At Rackspace, we’re growing and hiring, at our headquarters in San Antonio and in other offices around the world. We try to be very careful to hire not just for aptitude and skills but also for fit — within our culture, and for the particular job. So we ask questions like this: “What sort of things do you find satisfying? In other words, what activities give you a kick, either while doing them or immediately after finishing, and you think ‘Oh, when can I do that again?’” It’s a question that often makes candidates stop and think, and tell us where their strengths and passions lie.
If you interview for a position at Rackspace, you’ll hear this question or one like it. We strive to build a strengths-based culture that identifies what prospective hires were made to do and to put them into positions that let them flex those muscles. This approach helps us create a workforce that is more engaged and productive — a place where magic can happen.
I was pleased to see that our emphasis on strengths, coupled with our intensive interview process, landed Rackspace among Fortunes’ “25 toughest companies for job interviewees.” We ranked No. 11, above tech giants like Juniper Networks, Facebook and Amazon. Glassdoor.com combed through more than 80,000 job seekers’ interview ratings and reviews from the past 12 months to build the list. Each company was rated on a 5-point scale where 1 is “very easy” and 5 is “extremely difficult.” Rackspace clocked in at 3.4 and 72 percent said the interview was a positive experience.
Ranking in the top 11 is big. It shows that despite our rapid growth and hiring – last quarter we welcomed just less than 200 new hires to Rackspace – we still perform our due diligence to ensure our Rackers have the right stuff.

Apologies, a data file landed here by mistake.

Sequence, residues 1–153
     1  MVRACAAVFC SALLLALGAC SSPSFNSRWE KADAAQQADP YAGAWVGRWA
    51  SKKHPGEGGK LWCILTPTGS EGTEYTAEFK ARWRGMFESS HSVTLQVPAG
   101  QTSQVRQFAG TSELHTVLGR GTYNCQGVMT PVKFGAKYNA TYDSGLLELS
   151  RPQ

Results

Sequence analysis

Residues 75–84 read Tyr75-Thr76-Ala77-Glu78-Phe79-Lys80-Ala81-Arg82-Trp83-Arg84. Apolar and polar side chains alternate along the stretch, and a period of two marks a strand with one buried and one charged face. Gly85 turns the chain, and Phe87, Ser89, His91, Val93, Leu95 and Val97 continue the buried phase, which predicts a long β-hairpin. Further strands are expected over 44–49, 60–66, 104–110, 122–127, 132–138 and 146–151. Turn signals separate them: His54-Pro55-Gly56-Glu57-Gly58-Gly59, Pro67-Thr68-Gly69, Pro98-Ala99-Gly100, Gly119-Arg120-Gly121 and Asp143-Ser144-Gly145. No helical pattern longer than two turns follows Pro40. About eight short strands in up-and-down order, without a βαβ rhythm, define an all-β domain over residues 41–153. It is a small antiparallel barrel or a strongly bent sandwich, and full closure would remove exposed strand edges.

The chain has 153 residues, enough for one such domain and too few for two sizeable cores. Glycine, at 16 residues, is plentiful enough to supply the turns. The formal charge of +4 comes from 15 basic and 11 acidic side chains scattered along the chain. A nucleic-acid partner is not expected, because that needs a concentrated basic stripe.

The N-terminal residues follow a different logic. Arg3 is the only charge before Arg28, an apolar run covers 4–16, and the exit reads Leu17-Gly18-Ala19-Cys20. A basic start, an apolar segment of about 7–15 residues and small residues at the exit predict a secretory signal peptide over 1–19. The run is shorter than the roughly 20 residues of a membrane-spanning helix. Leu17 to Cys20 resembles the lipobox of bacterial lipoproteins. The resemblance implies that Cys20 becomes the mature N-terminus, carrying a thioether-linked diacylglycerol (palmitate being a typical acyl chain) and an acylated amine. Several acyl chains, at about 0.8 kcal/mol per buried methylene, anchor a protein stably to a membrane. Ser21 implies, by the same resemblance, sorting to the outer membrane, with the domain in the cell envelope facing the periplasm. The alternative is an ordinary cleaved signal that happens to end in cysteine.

Yes, technological accomplishments, credentials and certifications carry a lot of weight here, but that only tells part of the story. We put a lot of focus on attitude and aptitude. We want Rackers who are quick learners and who can quickly integrate into our unique culture and dynamic business. Simply put, technology and other skills can be taught, but learning ability, passion, drive and personality cannot.
We’ve created an interview process through which candidates engage with multiple Rackers, sometimes more than a dozen, and often in small groups, including not only prospective colleagues from the department in which they’d work, but also from departments with which they would frequently collaborate. From there, a feedback session comprising all who interviewed the candidate convenes. Following the discussion, there is a silent vote in which interviewers rate the candidate based on a positive/negative point system. Only a candidate with a positive score can be hired.
I won’t lie; this system is tough on Rackers as well as candidates. But we think it’s worth the trouble. As we continue to grow and hire in all of our locations —in the U.S. in San Antonio, Austin, San Francisco, Blacksburg, Va., and Atlanta; internationally in London, Hong Kong, Zurich and Sydney; and in our data centers in Dallas-Fort Worth, Northern Virginia, Chicago, London and Hong Kong — you can bet that we’ll continue to carefully screen the talent pool to bring aboard top notch Rackers eager to offer Fanatical Support.
Think you got what it takes? Check us out at this link: We’re hiring.